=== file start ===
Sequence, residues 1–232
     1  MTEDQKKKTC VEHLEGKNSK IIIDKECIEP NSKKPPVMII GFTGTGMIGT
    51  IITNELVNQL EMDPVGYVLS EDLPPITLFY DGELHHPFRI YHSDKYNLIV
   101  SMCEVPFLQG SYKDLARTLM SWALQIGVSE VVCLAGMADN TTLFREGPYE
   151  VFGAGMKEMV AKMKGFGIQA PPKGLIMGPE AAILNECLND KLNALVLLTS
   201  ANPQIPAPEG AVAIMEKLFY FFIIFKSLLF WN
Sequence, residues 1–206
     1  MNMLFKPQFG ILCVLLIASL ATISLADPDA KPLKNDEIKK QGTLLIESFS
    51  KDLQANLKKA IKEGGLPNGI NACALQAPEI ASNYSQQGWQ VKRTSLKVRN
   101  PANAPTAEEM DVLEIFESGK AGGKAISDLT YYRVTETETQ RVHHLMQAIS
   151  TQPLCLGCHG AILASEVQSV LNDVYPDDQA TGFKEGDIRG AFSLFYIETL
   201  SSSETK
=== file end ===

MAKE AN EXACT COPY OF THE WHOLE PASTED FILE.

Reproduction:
Sequence, residues 1–232
     1  MTEDQKKKTC VEHLEGKNSK IIIDKECIEP NSKKPPVMII GFTGTGMIGT
    51  IITNELVNQL EMDPVGYVLS EDLPPITLFY DGELHHPFRI YHSDKYNLIV
   101  SMCEVPFLQG SYKDLARTLM SWALQIGVSE VVCLAGMADN TTLFREGPYE
   151  VFGAGMKEMV AKMKGFGIQA PPKGLIMGPE AAILNECLND KLNALVLLTS
   201  ANPQIPAPEG AVAIMEKLFY FFIIFKSLLF WN
Sequence, residues 1–206
     1  MNMLFKPQFG ILCVLLIASL ATISLADPDA KPLKNDEIKK QGTLLIESFS
    51  KDLQANLKKA IKEGGLPNGI NACALQAPEI ASNYSQQGWQ VKRTSLKVRN
   101  PANAPTAEEM DVLEIFESGK AGGKAISDLT YYRVTETETQ RVHHLMQAIS
   151  TQPLCLGCHG AILASEVQSV LNDVYPDDQA TGFKEGDIRG AFSLFYIETL
   201  SSSETK